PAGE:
196 episodes

Interviews with Biblical Scholars about their New Books

New Books in Biblical Studies Marshall Poe

    • Christianity

Interviews with Biblical Scholars about their New Books

    Craig Keener, "Christobiography: Memory, History, and the Reliability of the Gospels" (Eerdmans, 2019)

    Craig Keener, "Christobiography: Memory, History, and the Reliability of the Gospels" (Eerdmans, 2019)

    Are the canonical Gospels historically reliable? The four canonical Gospels are ancient biographies, narratives of Jesus’s life. The authors of these Gospels were intentional in how they handled historical information and sources. Building on recent work in the study of ancient biographies, Craig Keener argues that the writers of the canonical Gospels followed the literary practices of other biographers in their day.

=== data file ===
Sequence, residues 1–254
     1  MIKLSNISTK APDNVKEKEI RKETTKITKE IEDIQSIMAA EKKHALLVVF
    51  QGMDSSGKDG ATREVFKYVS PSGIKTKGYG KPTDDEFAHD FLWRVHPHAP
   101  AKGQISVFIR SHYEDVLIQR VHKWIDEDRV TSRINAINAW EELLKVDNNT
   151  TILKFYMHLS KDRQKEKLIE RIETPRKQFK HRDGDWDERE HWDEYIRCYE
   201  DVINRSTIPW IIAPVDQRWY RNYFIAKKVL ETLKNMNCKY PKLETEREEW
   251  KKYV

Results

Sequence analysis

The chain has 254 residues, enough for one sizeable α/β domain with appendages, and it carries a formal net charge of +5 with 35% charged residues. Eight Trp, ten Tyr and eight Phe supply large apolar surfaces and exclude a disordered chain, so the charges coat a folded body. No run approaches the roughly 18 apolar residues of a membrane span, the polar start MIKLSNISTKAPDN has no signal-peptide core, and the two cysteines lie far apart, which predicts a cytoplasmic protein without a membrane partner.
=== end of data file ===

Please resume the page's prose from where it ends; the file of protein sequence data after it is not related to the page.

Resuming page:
In Christobiography: Memory, History, and the Reliability of the Gospels (Eerdmans, 2019), Keener explores the character of ancient biography and urges students and scholars to appreciate the Gospel writers’ method and degree of accuracy in recounting the life and ministry of Jesus. Keener’s Christobiography has far-reaching implications for the study of the canonical Gospels and historical Jesus research. He concludes that the four canonical Gospels are historically reliable ancient biographies.
    Dr. Craig Keener is F. M. and Ada Thompson Professor of Biblical Studies at Asbury Theological Seminary. He is the author of over 30 books, 6 of which have won awards in Christianity Today. Keener is also the New Testament editor for the award-winning NIV Cultural Backgrounds Study Bible, and is serving as the president of the Evangelical Theological Society. With more than a million copies of his books in circulation, Keener also serves the global church by teaching and lecturing all over the world.